Recall during the campaign how Trump over and over crowed about how much he loved Wikileaks and how he loved reading Wikileaks. Today in response to a question he said he doesn’t know anything about Wikileaks. LOL

        Reply
        1. Procopius

          Assange helped Manning crack one or more passwords.

          I will be watching to see if they present evidence of that in court. I think Manning had authorized access to the classified networks as part of her job, and may have been given other passwords because of lousy security procedures. Certainly he (as she was then) was able to copy only relatively low level classified material, only Secret and Confidential.

          Reply
    7. Spring Texan

      What’s disgusting about the lame NPR coverage is they don’t mention or associate it with Chelsea Manning’s re-imprisonment. Such lazy “journalism.”

      Reply
      1. Roger Smith

        Greenwald was on and apparently had a contentious interview where they introduced him as an associate of Assange (or something similar). Way to start that one off. I went to go listen only to find that this particular interview doesn’t seem to be on the National PUBLIC Radio’s website. I love the transparency here. Hopefully I am just missing something.

        EDIT: It is now up here: https://www.npr.org/2019/04/11/712173436/police-in-london-arrest-julian-assange-after-ecuadorean-embassy-evicts-him

        Also noteworthy is that an RT subsidiary was the only one on the scene at the embassy, so now “Russian State Media” will be in charge of licensing out the footage and photos to all other outlets.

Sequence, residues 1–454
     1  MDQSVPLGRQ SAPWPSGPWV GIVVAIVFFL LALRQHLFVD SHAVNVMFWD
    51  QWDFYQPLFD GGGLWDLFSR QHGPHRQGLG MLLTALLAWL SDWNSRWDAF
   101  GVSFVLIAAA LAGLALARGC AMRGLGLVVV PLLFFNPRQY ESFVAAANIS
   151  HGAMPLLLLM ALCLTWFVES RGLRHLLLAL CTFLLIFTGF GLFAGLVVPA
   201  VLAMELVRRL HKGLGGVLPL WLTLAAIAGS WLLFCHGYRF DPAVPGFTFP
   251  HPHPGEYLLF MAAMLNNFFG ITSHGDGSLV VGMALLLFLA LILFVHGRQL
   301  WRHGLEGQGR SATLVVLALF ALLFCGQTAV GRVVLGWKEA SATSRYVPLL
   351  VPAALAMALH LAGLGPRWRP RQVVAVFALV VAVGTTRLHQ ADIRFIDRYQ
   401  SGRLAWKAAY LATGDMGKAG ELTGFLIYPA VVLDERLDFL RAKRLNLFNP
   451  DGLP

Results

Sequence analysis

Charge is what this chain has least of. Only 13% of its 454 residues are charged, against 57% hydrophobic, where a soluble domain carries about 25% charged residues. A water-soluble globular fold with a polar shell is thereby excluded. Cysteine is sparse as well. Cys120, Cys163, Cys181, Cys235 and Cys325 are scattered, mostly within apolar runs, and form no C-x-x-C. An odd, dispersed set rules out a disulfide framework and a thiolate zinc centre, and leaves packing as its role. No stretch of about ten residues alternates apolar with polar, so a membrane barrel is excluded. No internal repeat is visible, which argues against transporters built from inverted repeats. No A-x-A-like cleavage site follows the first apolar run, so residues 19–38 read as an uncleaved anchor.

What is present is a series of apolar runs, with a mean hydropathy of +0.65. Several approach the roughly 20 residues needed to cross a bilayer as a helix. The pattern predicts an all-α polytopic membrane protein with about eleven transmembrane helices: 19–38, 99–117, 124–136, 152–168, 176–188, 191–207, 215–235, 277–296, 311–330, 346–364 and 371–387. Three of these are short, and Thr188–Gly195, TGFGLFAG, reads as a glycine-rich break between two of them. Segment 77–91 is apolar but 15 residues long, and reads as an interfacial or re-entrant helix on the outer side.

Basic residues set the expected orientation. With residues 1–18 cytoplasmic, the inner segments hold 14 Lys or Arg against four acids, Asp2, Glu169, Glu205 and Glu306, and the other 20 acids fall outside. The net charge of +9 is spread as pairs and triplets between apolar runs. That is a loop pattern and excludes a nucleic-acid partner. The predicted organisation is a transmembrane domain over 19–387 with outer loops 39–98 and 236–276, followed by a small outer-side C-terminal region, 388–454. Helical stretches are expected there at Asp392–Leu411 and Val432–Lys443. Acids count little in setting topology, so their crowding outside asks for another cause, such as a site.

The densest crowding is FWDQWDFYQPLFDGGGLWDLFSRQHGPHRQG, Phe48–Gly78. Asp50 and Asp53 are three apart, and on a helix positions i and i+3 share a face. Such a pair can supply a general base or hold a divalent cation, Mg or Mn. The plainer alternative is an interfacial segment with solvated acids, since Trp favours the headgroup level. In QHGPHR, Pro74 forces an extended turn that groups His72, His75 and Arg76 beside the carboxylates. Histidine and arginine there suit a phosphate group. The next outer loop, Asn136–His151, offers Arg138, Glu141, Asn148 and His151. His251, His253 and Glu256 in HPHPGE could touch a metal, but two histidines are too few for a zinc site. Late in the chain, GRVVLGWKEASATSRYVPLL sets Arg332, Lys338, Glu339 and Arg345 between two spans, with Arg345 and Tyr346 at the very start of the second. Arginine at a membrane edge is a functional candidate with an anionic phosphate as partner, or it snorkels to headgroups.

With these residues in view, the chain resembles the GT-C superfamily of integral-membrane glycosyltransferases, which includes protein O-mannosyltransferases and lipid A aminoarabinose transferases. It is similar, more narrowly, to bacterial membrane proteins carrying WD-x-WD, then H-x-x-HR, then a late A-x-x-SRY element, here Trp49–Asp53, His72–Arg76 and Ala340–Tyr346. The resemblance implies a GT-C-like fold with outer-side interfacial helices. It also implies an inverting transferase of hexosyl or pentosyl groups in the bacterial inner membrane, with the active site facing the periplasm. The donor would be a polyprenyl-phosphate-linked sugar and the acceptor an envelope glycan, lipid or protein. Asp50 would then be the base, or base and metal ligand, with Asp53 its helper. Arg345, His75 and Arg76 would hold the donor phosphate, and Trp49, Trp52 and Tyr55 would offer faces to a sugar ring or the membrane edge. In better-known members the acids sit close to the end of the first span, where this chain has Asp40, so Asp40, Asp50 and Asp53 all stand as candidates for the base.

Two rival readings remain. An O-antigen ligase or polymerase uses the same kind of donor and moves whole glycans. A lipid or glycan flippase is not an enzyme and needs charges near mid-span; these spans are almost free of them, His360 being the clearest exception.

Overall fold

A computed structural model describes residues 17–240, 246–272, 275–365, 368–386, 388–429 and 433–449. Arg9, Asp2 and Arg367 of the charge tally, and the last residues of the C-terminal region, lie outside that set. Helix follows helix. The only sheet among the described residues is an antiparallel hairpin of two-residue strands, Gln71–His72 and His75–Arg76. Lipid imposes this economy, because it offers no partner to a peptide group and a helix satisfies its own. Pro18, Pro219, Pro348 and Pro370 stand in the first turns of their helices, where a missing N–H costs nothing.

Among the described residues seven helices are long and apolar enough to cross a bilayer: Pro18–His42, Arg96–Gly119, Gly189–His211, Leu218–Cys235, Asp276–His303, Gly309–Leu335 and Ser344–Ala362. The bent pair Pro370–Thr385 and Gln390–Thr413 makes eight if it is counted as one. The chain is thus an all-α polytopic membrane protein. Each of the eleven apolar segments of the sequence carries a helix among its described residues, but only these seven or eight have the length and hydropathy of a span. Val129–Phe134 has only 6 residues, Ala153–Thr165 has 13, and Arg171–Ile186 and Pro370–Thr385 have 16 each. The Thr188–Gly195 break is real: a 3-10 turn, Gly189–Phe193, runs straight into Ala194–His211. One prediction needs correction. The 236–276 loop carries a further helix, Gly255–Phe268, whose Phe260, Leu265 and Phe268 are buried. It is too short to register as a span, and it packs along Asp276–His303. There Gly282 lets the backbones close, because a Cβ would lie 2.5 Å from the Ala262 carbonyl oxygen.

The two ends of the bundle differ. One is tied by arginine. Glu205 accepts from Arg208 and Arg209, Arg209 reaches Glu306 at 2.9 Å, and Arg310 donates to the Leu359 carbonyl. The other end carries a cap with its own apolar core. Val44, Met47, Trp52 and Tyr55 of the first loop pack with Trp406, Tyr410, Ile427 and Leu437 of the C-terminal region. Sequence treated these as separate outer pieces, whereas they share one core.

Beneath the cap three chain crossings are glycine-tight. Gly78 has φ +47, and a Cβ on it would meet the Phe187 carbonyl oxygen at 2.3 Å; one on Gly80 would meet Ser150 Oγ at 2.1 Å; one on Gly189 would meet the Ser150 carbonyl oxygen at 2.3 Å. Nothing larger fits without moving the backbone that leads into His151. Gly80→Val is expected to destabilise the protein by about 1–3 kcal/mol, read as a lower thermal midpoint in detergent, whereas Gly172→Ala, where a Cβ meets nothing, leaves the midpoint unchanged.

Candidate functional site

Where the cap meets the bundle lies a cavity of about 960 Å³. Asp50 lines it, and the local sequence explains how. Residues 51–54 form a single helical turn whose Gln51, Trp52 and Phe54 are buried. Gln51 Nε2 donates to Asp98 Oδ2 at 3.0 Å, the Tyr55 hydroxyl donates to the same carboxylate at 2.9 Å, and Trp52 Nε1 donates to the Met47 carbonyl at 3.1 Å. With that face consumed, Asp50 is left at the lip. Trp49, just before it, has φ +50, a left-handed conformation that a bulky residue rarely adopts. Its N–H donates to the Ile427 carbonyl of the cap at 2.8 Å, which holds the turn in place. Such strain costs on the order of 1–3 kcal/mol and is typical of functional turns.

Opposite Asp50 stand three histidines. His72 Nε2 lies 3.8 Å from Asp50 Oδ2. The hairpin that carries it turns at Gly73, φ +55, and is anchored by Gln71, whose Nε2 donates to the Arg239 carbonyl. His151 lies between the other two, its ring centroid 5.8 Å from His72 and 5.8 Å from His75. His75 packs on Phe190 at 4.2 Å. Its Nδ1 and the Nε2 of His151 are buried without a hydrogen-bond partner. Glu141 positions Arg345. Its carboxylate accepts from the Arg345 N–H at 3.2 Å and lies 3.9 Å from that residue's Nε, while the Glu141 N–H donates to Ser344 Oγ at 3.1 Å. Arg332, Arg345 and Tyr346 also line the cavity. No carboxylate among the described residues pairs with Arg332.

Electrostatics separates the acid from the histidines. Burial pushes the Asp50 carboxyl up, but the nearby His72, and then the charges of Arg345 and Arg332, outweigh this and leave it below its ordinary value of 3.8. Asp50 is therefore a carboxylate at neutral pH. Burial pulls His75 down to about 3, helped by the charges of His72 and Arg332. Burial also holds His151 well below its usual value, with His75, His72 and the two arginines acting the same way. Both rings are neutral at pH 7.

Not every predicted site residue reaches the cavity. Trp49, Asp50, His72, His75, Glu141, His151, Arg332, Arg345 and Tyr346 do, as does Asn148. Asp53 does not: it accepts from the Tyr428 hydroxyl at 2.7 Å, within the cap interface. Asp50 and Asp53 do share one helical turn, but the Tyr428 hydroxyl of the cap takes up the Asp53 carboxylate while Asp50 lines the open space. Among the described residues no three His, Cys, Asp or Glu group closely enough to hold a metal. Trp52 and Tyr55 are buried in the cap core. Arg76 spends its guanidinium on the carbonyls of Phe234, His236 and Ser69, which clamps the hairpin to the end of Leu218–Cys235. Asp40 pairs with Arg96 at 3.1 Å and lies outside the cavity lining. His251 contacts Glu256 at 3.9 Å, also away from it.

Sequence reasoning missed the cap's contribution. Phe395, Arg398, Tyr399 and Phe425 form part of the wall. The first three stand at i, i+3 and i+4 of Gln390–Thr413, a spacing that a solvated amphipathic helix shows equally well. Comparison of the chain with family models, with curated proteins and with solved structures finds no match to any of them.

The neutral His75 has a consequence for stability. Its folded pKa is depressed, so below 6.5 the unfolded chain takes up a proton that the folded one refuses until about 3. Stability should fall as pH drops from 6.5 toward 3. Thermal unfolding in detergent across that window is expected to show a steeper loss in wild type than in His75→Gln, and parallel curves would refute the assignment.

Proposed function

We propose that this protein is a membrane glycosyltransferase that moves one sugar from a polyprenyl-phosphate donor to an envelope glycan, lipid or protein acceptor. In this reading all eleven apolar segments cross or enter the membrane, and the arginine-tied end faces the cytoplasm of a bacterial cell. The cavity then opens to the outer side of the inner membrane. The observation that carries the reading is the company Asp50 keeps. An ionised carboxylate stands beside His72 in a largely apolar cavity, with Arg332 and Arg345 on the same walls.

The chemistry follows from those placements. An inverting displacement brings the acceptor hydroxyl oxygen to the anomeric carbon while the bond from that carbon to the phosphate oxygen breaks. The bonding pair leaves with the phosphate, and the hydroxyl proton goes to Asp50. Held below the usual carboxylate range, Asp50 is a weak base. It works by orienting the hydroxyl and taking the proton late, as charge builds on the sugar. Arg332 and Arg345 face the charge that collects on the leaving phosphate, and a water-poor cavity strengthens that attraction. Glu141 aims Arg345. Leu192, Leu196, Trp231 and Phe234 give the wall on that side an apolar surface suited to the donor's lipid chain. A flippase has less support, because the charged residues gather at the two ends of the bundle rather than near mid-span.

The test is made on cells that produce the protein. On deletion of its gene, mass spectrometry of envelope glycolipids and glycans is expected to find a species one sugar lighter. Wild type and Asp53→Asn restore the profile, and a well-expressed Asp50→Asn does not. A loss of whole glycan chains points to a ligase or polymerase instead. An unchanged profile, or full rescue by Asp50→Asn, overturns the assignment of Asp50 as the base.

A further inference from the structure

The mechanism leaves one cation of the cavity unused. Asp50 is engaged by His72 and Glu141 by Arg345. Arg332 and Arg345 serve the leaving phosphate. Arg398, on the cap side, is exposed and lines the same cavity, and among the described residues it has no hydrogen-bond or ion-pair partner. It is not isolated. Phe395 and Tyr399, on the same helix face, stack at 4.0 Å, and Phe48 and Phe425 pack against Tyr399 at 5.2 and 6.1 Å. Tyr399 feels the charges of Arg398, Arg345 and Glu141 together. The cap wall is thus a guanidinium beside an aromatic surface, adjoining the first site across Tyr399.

More photos: https://www.rt.com/news/456241-assange-arrest-delivered-court/

        Reply
        1. Olga

          Would you prefer if CNN were now “in charge of licensing out the footage and photos to all other outlets?” As for RT being “state media” – how is that different from BBC, NPR, VOA, and other media outlets paid for with state money.

          Reply
          1. Roger Smith

            No. I am glad these actually corporate-state media clowns have to pay RT. Serves them right and shows who was actually there to be journalists.

            Reply
        2. The Rev Kev

          Dude! RT got the footage because they were the only ones there because no other media could be bothered showing up. Here is a translated tweet from Margarita Simonyan, RT’s Editor-in-chief-

          Translation: the most obvious sentence one could pass over total disgrace the world media has become can be seen in the fact that nobody was here to film the arrest of Julian Assange, only us (RT). That in spite of the fact that everybody already new that he would be expelled. Now they have to come and ask for our footage.
          CNN and The Guardian have the gall to call us and ask how it is that we were the only ones to get this footage.